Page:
Sermon for the Sixteenth Sunday after Pentecost – September 9th, 2018

Mark 7:24-37

Dear friends, grace to you and peace from God our Father and our Lord Jesus Christ.

My grandfather was a gruff man. He was often distant. He used foul language. He spoke harshly to my grandmother at times. I remember as a kid he often called me “dummkopf,” which means “dummy.” I didn’t know what it meant then, but the way he spat it at me suggested it wasn’t a term of endearment.

He was scary to others too. Half the time he looked like a gangster from the 1930s, with a fedora and a scowl and a cigarette dangling from his lip

But I loved my grandfather, because even though he had a gruff exterior, I knew his heart. Sometimes he accidentally let it show! He would put his arm around me at church while my grandmother sang in the choir. He would take me fishing, and when we didn’t catch anything in the river he’d take me to a trout farm so I would be guaranteed to have something to bring home. Best of all, when I spent the night at my grandparents, after my grandmother made sure my sister and I brushed our teeth, after she tucked us in, my grandpa would sneak into our room later that night and whisper to us: “Don’t forget to take your pill.” Then he’d give us each a half of a Baby Ruth bar.

Even though my grandpa could be harsh on the surface, I knew his heart. I knew how he really felt about me. And so even when he was distant or rude, I never hesitated to approach him. I never hesitated to climb up into his lap. In the midst of an often turbulent childhood, I knew I could always go to him for anything.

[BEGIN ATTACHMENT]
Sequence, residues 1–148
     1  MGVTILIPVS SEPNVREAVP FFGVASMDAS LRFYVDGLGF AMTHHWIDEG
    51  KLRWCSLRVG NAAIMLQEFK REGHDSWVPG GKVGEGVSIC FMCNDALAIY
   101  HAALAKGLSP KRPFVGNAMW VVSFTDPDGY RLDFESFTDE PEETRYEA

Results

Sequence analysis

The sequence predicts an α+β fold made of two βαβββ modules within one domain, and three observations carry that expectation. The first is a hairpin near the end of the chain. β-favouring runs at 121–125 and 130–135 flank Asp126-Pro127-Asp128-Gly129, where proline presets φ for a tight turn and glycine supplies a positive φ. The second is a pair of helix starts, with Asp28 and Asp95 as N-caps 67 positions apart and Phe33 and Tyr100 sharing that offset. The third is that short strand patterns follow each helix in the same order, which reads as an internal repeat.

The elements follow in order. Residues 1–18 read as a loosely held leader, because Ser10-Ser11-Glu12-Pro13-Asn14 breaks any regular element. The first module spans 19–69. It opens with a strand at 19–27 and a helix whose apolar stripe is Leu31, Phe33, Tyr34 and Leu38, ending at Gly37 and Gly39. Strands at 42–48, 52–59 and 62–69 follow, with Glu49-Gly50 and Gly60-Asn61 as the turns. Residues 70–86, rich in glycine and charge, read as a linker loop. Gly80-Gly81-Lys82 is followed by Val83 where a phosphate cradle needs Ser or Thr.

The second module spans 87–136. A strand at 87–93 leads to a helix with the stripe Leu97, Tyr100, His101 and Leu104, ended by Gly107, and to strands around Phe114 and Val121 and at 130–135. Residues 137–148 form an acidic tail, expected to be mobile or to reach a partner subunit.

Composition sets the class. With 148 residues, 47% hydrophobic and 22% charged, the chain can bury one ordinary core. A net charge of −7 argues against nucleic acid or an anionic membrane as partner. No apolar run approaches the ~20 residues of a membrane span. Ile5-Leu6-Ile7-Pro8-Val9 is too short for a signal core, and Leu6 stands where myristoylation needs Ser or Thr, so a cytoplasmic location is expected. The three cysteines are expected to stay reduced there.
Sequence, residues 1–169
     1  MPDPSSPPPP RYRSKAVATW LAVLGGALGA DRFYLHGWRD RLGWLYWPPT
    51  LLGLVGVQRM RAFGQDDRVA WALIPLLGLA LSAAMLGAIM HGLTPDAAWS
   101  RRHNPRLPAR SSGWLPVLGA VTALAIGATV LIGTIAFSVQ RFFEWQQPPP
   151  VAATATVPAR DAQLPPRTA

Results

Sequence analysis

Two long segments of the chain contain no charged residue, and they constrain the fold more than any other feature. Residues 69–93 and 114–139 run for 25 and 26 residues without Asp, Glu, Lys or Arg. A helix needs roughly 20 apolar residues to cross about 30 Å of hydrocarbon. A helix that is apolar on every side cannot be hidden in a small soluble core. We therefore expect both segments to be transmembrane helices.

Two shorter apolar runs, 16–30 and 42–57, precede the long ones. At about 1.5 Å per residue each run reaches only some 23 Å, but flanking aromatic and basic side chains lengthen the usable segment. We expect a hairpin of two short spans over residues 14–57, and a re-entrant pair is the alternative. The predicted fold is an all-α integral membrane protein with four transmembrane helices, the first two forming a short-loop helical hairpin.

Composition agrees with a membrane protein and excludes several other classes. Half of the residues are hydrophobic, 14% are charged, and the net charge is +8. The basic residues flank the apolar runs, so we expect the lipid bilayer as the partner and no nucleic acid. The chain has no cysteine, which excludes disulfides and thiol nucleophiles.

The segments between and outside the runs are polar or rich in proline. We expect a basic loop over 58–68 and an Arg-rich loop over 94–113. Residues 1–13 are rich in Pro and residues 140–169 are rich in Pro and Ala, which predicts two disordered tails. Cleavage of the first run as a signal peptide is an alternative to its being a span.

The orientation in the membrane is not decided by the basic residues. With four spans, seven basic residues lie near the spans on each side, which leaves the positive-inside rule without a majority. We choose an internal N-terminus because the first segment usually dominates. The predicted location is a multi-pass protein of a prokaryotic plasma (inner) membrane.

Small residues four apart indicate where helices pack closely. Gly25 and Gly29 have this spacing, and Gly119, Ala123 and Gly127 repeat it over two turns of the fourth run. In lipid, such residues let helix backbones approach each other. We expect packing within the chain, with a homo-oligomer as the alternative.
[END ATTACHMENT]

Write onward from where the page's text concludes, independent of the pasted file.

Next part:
This morning we see a side of Jesus that is troubling to many. We see a side of Jesus that doesn’t fit with the children’s Bible version of Jesus we often have in our minds – a Jesus who is always kind and sweet and rides around on a unicorn tossing flowers to everyone. The Jesus we see today is gruff. He’s distant. He’s downright rude.

Jesus was probably exhausted. He had been putting in long hours doing ministry among his people. Now he wanted to get out of town. He wanted to be alone. He went to the Tyre, where St. Mark tells us he entered a house and didn’t want anyone to know he was there! He probably thought going away to Tyre, away from his fellow Jews, would allow for him to get some peace and quiet, a chance to catch his breath.

But that didn’t happen. “He could not escape notice,” Mark tells us. A woman, a gentile, Syrophoenician woman, came knocking at his door. This woman had a daughter who had a demon. She bowed down at Jesus’ feet and begged him to help her. She begged him to help her precious daughter. Jesus’ reply was harsh. It was cold. He said to her, “Let the children be fed first, for it is not fair to take the children’s food and throw it to the dogs.”

I can’t tell you how many different interpretations I’ve read on these words of Jesus trying to explain why Jesus is speaking this way. Some have suggested Jesus was testing her. Some say he was testing the disciples. Some say he had a sparkle in his eye when he said it, and was only joking. Some say he was tired, and this illustrates his humanity. Some have said he was only trying to follow God’s timeline, which was Jews first, Gentiles later. Some say he uses the term for little dog instead of the term for street dog so it isn’t as bad as it sounds.

I don’t know what to make of Jesus’ harshness here, and any explanation I tried to offer you today would be complete speculation. I can’t get inside Jesus’ head, and neither can all those Bible scholars.

But we can learn something about Jesus from the actions of the woman. She seems to know something about him. She seems to know his heart – because she doesn’t give up! When Jesus says these things to her, she doesn’t go crawling away in shame. She isn’t afraid to keep on pestering him! She even goes so far as to use Jesus’ own words against him! She says, “Sir, even the dogs under the table eat the children’s crumbs!”

This woman somehow seems to know the compassion that is underneath his initial distance. She seems to know the great love he has hidden behind his harsh words to her. So great is her faith in Jesus that even crumbs from him would be enough for her. And this woman’s faith in Jesus proves to be well-placed. “For saying that,” Jesus says to her, “you may go – the demon has left your daughter.”  Sure enough, she went home and found that her child was well.